On June 15, I published a post on the EFF Deeplinks blog reporting on a local victory for transparency and accountability in Santa Clara County, CA, where policymakers took the seemingly obvious steps of requiring local authorities to seek their consent before buying sophisticated surveillance equipment, and reporting annually on how they deploy that equipment in their communities. It explains:

Santa Clara County—which encompasses much of Silicon Valley—set a new standard in local surveillance transparency after months of activism by residents and allies from across the Bay Area. Their efforts, and the policy it enabled, suggest an overlooked strategy in the national battle to curtail unaccountable secret mass surveillance.

Rocking dance floors for Bernie

Inspired by Bernie Sanders' historic race for the presidency, we dedicated three of our monthly parties to Bernie and donated our proceeds—totaling nearly $1,000—to his campaign. My May 18 set at RECON 009: Bernie's Magic Hat moves through dreamy melodic house, tribal, minimal, dark, and jazzy phases.

A month building the movement back east

I spent most of April on the road, speaking in nearly a dozen cities alongside local organizers to bring together supporters of police accountability, civil rights, and surveillance-restricting reforms.

While the stories were too-many-to-count, a few highlights included:

  • Speaking at the U.S. Air Force Academy for an annual cybersecurity conference at the invitation and expense of the Department of Defense, where I had a chance to remind around 75 cadets, faculty, active duty military intelligence personnel, and intelligence contractors that they work for We the People of the United States—not any particular service branch, nor any federal Department, nor even the Commander-in-Chief—and what that means in terms of their ethical duties to refuse unlawful orders and expose classified secrets revealing operations unconstitutionally targeting Americans.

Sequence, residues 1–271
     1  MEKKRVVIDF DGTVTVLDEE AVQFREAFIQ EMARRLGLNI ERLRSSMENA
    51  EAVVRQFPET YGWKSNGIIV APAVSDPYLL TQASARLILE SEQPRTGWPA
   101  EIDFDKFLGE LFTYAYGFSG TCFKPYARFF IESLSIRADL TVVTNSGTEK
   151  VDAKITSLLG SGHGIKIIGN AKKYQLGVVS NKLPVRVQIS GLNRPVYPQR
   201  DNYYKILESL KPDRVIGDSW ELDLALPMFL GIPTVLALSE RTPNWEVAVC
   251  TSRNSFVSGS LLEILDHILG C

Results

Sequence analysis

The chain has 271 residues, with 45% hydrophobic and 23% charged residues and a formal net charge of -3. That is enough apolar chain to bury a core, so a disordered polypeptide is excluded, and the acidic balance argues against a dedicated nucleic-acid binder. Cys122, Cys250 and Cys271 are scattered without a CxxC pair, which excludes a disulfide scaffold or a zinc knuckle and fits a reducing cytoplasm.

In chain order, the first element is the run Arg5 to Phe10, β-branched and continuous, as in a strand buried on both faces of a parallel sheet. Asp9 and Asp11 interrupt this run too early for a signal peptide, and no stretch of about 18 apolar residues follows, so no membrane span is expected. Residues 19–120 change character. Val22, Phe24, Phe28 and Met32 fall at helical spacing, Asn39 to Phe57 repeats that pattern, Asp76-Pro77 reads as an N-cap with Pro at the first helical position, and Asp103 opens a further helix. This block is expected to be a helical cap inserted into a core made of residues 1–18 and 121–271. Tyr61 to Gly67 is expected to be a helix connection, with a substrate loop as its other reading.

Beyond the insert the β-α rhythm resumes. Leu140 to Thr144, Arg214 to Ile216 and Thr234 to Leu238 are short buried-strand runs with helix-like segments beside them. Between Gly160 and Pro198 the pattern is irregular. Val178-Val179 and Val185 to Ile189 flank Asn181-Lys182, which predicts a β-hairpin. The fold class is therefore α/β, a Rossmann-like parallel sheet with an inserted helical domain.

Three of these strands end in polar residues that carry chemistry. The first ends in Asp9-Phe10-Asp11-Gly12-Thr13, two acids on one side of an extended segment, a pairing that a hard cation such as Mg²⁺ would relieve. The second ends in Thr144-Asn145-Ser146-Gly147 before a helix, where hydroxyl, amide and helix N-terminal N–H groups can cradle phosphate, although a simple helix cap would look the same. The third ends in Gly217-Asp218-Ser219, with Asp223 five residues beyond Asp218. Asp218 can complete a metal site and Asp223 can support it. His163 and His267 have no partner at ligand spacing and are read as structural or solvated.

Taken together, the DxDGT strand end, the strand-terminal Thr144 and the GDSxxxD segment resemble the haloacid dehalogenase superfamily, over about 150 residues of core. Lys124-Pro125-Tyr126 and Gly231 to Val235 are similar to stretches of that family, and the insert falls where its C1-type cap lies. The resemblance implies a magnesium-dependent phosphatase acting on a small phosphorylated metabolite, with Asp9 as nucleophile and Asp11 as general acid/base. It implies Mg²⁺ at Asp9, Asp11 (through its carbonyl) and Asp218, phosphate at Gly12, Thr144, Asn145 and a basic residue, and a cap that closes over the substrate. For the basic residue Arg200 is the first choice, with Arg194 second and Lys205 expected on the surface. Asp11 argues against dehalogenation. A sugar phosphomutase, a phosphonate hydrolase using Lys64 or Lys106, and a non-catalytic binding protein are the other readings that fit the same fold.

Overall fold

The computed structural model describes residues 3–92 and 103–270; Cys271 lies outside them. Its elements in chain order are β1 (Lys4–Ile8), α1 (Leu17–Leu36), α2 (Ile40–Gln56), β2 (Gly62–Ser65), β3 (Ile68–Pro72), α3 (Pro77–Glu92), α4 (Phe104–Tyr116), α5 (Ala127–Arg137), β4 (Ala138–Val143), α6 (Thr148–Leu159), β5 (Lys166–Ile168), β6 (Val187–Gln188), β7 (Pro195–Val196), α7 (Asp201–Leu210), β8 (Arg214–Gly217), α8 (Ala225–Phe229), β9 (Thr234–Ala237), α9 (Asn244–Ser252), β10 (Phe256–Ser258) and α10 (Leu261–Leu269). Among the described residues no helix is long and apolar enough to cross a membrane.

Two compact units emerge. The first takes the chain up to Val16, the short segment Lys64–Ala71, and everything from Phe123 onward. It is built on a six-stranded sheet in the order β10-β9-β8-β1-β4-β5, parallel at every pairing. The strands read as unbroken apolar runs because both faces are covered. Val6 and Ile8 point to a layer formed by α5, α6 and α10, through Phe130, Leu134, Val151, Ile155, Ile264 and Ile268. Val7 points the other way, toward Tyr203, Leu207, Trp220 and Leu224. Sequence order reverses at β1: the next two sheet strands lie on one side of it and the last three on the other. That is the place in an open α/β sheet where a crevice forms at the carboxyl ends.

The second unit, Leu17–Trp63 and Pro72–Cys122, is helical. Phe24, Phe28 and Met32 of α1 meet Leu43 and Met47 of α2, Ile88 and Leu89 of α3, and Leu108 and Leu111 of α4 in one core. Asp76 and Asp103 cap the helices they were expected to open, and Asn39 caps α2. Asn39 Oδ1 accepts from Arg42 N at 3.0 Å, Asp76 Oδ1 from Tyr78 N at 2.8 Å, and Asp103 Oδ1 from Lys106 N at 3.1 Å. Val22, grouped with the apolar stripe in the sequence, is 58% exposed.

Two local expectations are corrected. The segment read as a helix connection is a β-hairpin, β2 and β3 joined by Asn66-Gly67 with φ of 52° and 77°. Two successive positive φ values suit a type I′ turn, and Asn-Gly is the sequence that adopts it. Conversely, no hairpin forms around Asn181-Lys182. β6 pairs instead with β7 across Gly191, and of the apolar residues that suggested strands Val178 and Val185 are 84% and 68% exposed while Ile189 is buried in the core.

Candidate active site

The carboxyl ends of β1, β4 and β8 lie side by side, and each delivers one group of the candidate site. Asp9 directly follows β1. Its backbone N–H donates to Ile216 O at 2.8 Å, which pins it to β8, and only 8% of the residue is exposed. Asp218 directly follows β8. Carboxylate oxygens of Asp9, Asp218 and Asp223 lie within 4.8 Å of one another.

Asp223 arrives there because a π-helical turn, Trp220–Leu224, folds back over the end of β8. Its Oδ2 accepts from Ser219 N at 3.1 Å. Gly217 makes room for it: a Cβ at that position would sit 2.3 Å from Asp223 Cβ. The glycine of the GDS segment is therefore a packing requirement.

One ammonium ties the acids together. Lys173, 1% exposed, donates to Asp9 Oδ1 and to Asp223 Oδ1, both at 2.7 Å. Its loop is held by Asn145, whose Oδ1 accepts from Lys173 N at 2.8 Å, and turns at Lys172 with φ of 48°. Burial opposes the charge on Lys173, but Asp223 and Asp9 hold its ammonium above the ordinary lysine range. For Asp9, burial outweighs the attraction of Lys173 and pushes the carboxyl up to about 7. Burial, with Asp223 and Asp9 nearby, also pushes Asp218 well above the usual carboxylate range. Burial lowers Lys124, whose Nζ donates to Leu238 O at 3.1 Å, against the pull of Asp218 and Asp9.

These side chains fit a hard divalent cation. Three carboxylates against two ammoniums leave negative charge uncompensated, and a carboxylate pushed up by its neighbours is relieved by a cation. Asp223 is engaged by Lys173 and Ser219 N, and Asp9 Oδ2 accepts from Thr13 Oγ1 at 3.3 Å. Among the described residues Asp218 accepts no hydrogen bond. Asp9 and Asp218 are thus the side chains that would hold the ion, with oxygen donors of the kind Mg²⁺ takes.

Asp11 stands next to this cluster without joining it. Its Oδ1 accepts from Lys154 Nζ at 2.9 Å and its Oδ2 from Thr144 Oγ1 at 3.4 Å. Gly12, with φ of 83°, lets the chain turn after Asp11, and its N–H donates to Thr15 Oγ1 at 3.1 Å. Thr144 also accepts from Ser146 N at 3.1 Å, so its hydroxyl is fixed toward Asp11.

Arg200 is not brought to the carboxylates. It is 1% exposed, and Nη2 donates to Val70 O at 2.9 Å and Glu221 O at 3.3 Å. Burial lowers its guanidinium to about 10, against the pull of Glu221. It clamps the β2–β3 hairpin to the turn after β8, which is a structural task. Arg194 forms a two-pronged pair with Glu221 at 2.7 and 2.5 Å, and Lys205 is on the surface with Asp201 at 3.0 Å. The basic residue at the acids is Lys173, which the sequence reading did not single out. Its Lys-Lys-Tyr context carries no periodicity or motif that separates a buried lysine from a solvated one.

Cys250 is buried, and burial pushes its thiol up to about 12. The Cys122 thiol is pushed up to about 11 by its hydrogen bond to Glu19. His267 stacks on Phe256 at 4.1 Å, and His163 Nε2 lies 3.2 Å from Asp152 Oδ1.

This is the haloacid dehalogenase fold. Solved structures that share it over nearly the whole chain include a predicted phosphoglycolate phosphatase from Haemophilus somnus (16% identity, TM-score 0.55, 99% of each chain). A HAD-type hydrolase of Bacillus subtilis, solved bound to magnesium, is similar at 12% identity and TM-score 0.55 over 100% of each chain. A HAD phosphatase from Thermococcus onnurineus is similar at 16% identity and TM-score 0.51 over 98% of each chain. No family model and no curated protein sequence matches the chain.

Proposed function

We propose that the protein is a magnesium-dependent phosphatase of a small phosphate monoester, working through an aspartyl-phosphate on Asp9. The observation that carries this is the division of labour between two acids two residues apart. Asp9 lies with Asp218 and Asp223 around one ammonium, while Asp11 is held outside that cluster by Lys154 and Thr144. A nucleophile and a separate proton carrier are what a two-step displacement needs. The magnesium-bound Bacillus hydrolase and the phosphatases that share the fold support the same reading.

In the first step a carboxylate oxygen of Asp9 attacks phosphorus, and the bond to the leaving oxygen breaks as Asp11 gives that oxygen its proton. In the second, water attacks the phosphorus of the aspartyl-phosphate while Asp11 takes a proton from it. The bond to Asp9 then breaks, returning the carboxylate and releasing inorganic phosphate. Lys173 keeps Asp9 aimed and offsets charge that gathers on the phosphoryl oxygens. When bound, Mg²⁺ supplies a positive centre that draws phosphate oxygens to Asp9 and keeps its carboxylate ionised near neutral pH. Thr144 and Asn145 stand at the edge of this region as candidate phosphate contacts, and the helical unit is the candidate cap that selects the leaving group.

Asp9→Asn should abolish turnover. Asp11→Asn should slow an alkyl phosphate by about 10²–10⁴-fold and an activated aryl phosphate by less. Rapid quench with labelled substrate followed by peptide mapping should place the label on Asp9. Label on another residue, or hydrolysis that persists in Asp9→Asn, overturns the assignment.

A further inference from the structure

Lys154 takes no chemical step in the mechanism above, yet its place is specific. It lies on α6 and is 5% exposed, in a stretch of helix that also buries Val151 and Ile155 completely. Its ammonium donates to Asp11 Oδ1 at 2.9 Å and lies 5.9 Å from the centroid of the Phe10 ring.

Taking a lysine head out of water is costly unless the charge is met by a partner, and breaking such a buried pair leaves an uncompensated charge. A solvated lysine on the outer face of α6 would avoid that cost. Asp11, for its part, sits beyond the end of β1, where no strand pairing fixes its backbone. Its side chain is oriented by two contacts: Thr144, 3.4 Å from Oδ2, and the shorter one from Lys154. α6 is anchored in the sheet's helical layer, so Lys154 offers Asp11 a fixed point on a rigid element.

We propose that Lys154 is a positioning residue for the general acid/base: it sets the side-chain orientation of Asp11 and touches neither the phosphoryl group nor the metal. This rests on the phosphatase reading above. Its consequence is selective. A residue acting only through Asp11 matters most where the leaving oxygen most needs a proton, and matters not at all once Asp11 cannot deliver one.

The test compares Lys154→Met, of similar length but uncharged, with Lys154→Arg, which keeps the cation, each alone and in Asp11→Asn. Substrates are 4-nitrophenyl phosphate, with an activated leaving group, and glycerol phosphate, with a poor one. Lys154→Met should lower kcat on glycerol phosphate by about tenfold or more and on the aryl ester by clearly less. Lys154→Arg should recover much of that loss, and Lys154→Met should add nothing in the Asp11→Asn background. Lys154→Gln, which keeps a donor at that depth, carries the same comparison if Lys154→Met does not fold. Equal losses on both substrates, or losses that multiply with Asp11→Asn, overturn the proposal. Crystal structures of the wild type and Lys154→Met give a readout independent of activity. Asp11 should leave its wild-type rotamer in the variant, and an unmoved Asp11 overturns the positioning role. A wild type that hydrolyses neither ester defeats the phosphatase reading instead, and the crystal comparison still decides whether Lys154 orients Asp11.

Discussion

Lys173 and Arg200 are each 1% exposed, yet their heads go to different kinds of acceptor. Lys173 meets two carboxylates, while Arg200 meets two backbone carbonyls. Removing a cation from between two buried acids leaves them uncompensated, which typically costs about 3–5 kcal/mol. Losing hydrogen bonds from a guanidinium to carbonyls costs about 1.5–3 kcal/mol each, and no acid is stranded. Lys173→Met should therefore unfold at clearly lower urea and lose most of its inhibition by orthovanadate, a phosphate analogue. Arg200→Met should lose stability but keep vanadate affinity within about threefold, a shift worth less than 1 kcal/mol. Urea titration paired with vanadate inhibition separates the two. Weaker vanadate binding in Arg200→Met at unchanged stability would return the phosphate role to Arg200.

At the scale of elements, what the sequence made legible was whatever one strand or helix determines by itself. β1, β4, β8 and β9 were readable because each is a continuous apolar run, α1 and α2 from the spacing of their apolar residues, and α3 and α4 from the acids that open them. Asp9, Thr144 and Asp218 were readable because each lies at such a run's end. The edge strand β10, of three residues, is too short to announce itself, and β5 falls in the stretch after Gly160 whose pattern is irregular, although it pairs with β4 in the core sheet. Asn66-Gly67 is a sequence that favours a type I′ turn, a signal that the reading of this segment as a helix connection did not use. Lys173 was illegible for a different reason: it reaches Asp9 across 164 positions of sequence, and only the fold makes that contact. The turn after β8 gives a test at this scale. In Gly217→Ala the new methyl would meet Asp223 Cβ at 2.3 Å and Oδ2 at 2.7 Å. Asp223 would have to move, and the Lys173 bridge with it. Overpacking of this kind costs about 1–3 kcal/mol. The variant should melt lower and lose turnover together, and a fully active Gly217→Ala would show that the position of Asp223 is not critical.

Rhyming and bumpin' beats for Bernie

I spun my first old-school funk set at the Elbo Room in San Francisco's Mission District on Thursday, March 31, 2016 for a "Bern, Baby, Bern" party. This was probably my biggest gig since Catharsis in DC last fall...

...and gave me a chance to MC live over my DJ set, dropping a reminder that "we'll start by putting Bernie in office in November…."

The Hubris of Investigators

We published another article about the Apple vs. FBI encryption controversy on TechCrunch and cross-posted it on EFF's Deeplinks blog. Beyond reprising some of the arguments I made in earlier posts about the issue, this piece emphasized the lack of transparency surrounding the FBI's activities generally, and the Bureau's long history of violating legal limits and abusing constitutional rights:

[W]hat investigators sought would not make anyone safe. As a matter of (perhaps unfortunate, but inescapable) fact, the FBI’s withdrawn demands would have created new threats with dangerous implications for millions of people.

Finally, this latest controversy highlights once again the need for meaningful congressional oversight.....Congress must finally investigate the federal intelligence and law enforcement agencies, reform the bloated and dysfunctional classification system, and enforce at least a modicum of meaningful transparency so the public can know what our government is doing to us.

A 6 month anniversary mix

I recorded this tech, latin, and deep jazzy house mix live at the 6 month anniversary of RECON, the monthly party I throw with my housemate every third Wednesday. It starts out with tech house, grows a bit groovier, and slides through some afrobeat, latin and jazzy house, before settling back into tech house for a solid half hour and then mellowing out at the end.